Want to sneak in a few more nutrients? Try our columnist’s go-to recipe.
1 cup dark leafy greens
1/2 cup blueberries
1/2 cup blackberries
3 Tbsp. hemp seeds
1 tsp. nut butter
Blend with water or the nondairy milk of your choice.
You Don’t Need To Become A Chef—Just A Veggie Whisperer.
Here’s one easy tip for incorporating more nutrition-dense plants into your diet: Learn how to cook your own vegetables. Veggies on most restaurant menus are overpriced, and they’re just as easy to prepare at home. Learn the art of plant food. You want to order pizza? Order pizza. That’s cool. But maybe eat it with a side of Swiss chard or broccolini you make yourself. If you’re able to cook your vegetables yourself, life instantly becomes easier, healthier, and cheaper.
Keep Track Of How The Food Makes You Feel.
One easy strategy that I suggest for my clients is to keep a food diary. Every week, pick a couple of foods. Research what their benefits are and what they can do for you (a simple Google search will suffice). Pay attention to how you feel after eating whatever it is and write that down. Like, okay, I know kale is good for me, but what is it actually doing? Oh, it’s a good source of iron. But what does iron do for me? Iron helps deliver oxygen to the body. But it also says plant sources of iron are a bit harder to digest. How do I improve my digestion? Well, vitamin C might be able to help increase my absorption of iron, and broccoli and sweet potatoes are a rich source of vitamin C. And so on and so forth. That’s how you learn.
Food is so ingrained in our lives that we often don’t think about it. But that’s a mistake. Honestly, it’s like handwashing. We didn’t think about how important that was—until we did. I think the coronavirus is teaching people to be more mindful about their personal wellness. You’ve got to study a little bit to get better.
Get Your Blood Work Done By A Doctor.
Not everyone has the privilege of having good health care. But if you can afford to enlist a doctor who will help you do extensive blood work, then I argue you should—not just because it helps you know more about your body, but because you being healthy frees up health care resources for other people. Now, blood work isn’t a magic bullet, but it can arm you with highly personalized micronutrient information that you can instantly use. Since I’m plant-based, there are some things I’m more susceptible to: I learned from blood work that I was lacking in copper and in B12, so I tweaked my diet and adjusted the supplements I was taking to compensate. It’s just like athletics—having a coach in your corner can help you. In six months, maybe you’ve changed the baseline of how good you can feel—as opposed to just going 20 more years without even knowing that feeling great was within reach.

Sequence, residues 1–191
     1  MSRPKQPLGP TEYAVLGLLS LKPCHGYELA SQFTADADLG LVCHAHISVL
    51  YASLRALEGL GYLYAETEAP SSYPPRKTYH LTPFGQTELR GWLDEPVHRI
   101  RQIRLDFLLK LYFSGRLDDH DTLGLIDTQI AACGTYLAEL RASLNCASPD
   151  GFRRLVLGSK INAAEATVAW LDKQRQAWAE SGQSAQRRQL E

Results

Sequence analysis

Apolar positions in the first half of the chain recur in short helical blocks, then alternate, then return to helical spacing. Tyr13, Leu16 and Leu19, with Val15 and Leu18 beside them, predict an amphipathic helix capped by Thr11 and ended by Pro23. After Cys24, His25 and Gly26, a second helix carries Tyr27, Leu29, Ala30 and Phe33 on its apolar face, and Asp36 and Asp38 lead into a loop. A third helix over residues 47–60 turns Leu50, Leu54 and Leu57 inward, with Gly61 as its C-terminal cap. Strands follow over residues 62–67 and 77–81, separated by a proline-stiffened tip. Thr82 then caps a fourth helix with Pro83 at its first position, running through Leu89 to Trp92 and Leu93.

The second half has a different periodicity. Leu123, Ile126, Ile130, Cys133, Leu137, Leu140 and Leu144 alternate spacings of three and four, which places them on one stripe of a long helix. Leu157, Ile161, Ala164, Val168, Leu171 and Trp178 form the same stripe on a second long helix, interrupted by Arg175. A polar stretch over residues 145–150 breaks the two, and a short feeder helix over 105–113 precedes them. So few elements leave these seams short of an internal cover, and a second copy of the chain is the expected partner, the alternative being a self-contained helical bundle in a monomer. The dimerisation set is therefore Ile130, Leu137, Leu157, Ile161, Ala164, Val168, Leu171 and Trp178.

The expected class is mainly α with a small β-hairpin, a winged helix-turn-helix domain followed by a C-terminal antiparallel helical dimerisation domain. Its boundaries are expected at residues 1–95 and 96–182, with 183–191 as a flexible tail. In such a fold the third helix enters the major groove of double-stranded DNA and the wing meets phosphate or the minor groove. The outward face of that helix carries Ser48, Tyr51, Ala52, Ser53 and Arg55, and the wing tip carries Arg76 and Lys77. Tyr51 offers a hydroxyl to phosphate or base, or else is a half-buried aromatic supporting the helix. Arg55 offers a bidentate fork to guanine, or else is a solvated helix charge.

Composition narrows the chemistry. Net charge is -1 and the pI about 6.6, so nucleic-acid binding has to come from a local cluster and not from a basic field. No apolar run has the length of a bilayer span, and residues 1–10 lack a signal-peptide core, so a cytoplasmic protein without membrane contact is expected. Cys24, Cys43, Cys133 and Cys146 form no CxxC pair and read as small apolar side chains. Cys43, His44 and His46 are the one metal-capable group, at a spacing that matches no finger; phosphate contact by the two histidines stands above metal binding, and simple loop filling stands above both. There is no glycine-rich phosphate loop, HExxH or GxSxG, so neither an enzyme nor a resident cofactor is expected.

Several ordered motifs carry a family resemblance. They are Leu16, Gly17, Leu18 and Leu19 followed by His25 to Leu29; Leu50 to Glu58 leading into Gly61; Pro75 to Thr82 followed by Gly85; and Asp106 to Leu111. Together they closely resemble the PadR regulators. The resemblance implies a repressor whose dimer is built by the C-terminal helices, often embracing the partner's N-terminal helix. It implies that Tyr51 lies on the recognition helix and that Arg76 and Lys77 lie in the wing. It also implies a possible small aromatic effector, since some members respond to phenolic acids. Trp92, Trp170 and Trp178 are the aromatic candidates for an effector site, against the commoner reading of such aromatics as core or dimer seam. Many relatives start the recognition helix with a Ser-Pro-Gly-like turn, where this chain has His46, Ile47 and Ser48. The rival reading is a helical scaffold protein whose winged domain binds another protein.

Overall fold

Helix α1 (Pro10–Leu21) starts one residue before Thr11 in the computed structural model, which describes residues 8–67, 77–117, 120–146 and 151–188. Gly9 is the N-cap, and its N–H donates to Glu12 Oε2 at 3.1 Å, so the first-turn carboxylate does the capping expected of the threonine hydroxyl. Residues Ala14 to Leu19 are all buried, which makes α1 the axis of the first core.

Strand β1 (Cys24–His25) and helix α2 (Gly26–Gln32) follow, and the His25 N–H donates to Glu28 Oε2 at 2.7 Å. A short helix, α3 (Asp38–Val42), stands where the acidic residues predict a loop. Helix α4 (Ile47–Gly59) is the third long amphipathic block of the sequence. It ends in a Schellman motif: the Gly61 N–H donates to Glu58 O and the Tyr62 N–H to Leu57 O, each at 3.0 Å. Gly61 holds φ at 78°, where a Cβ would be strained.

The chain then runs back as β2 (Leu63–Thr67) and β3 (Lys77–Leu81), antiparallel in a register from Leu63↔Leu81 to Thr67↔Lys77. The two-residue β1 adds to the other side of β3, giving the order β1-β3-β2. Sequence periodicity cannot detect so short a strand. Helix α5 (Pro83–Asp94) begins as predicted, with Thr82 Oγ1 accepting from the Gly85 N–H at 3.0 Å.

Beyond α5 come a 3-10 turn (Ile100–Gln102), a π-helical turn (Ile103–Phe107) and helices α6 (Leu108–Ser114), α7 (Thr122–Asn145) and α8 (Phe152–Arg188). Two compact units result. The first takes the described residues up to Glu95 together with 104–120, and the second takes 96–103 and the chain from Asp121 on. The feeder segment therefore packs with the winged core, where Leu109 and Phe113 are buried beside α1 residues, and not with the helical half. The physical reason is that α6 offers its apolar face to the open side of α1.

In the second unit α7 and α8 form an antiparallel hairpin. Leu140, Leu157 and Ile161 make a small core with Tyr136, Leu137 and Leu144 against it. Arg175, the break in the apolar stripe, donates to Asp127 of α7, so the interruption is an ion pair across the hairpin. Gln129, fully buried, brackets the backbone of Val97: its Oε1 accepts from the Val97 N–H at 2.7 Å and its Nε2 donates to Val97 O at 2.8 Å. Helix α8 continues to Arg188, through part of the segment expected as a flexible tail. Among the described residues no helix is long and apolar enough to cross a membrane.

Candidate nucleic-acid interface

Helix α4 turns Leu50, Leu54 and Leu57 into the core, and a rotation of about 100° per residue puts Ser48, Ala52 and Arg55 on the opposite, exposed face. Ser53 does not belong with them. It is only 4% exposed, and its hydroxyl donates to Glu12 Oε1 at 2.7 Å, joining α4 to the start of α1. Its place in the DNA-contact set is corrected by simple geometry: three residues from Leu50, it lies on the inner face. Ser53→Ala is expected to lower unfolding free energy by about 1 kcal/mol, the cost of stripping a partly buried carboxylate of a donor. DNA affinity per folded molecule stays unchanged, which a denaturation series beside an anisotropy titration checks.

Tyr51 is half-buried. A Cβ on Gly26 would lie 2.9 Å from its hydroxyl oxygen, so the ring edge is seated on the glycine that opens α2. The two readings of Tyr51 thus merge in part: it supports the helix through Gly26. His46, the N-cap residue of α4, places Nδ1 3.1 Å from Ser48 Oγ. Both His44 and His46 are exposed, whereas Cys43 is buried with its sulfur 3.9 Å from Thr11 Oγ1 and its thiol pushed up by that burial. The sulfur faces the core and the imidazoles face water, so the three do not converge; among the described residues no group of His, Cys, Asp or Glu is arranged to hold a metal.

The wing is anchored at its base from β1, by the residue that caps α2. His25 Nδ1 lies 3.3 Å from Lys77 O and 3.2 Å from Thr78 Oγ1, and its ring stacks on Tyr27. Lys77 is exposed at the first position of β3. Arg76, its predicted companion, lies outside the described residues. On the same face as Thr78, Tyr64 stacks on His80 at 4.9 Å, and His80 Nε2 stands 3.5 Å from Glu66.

Saying grace does not have to be a religious practice. It’s just a way to practice mindful eating. Before you eat, put your phone away, remind yourself what you’re grateful for, let the tension out of your body, and take some deep breaths. That may sound woo-woo, but it has concrete effects. It can activate your parasympathetic nervous system, which helps you digest your food and effectively absorb nutrients. So taking a moment for grace might actually improve your energy—and might even help you lose weight. It’s also an opportunity to remind yourself what your purpose is (and why you eat what you eat). Not everyone has access to healthy foods, but hopefully you do. Express your gratitude, and dig in.
A version of this story originally appears in the June/July 2020 issue with the title “How to Turbocharge Your Immune System With Intentional Eating”.
Author: Joe Holder